TORONTO (AP) – The Canadian economy contracted at a 3.4 percent annual pace at the end of 2008, the biggest decline since 1991 but not as large a contraction as in the United States or Japan.

Finance minister Jim Flaherty had indicated he expected Monday’s report from Statistics Canada would show the economy has fallen off the table. Economists forecast Canada’s gross domestic product would shrink between three or four percent in the October-December quarter.

The 3.4 percent annualized GDP decline is not as steep as the 6.2 percent drop in the United States, the 12.7 percent decline in Japan and the 20.8 percent pullback in South Korea.

“The American economy contracted twice as quickly,” Prime Minister Stephen Harper said in Parliament. “Our economy remains in a position of relative strength.”

Canada has avoided government bailouts and has not experienced the failure of any major financial institution. There has been no crippling mortgage meltdown or banking crisis north of the border where the financial sector is dominated by five large banks.

President Barack Obama said last month than the United States should “take note” of how Canada has shown itself to be a good manager of its financial system. Harper has said Canada has strong regulation that encourages a cautious culture in the banks.

“We’ve felt some of the pain, but we didn’t have the excesses that we’ve seen in a number of other countries. I guess that’s not terribly comforting that the 3.4 wasn’t as bad as many other countries,” said Craig Wright, chief economist at the Royal Bank of Canada.

But the global financial crisis and the global sell-off of commodities have hit Canada hard. The central bank expects economic output will contract 4.8 percent in the first quarter of 2009.

“You’re looking at another bleak first quarter as well,” Wright said.

Avery Shenfeld, senior economist at CIBC World Markets, expects at least a five percent decline in the first quarter.

“This really was an abrupt turn for the Canadian economy in the last couple of months of 2008,” Shenfeld said.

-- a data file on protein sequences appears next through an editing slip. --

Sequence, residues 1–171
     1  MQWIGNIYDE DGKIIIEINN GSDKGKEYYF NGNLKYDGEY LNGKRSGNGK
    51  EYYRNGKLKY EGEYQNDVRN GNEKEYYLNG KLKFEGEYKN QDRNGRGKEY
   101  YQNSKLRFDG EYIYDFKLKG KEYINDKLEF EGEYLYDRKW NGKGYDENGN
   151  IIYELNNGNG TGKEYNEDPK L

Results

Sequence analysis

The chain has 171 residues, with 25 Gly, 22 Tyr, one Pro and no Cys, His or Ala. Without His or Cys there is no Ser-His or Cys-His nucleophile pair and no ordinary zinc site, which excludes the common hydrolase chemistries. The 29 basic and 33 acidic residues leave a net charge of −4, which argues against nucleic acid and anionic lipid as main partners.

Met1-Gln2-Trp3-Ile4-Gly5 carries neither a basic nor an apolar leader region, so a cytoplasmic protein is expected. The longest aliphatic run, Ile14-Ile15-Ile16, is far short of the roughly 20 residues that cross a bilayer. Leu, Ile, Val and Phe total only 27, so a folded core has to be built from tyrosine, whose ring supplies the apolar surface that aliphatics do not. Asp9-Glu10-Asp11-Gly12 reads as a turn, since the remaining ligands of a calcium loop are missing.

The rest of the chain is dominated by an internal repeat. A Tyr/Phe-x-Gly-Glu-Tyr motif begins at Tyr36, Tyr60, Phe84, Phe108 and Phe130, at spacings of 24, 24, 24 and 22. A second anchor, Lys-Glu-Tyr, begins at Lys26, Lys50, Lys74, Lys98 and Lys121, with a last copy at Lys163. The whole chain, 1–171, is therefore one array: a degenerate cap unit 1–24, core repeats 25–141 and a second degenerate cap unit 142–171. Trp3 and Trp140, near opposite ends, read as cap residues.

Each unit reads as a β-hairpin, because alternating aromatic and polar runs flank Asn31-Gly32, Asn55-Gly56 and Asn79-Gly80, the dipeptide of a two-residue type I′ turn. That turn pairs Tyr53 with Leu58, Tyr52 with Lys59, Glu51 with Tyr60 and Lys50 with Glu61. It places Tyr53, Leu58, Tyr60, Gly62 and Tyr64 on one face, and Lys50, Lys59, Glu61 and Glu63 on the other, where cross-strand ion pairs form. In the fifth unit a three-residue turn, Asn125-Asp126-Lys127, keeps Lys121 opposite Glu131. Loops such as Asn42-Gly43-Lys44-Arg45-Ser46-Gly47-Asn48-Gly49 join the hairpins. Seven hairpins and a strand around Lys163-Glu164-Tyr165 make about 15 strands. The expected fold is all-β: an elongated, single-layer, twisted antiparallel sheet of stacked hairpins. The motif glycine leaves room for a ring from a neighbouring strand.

Exports fell 4.7 percent in the fourth quarter, the sixth consecutive quarterly drop, which represents the longest slump in more than 60 years of records.

TD Bank chief economist Don Drummond said everything just fell off a cliff in Canada in October or November.

“Everything we’ve had since has just been really ugly,” Drummond said. “I suspect the first quarter of 2009 will be worse.”

Canada’s main stock exchange index fell more than five percent on Monday.

Canada lost a record 129,000 jobs in January as the unemployment rate surged more than half a point to 7.2 percent, the single-worst monthly job loss figure in the country’s history.

Flaherty has said he needs a free hand in speeding through $2.4 billion in emergency stimulus funds. The government unveiled a $32 billion economic stimulus package in January.

The decline in growth likely means Canada’s central bank’s will cut interest rates on Tuesday. The Bank of Canada cut its key interest rate to 1 percent in January.

Drummond said the domestic side of the Canadian economy was in much better shape than other countries, so while the weakness from exports and the decline in commodity prices have crept into the Canadian economy, Canada did have some stability.

“We haven’t had a collapse in the housing sector,” Drummond said. “While there are some difficulties in the credit market they are not nearly as exacerbated as most other countries.”


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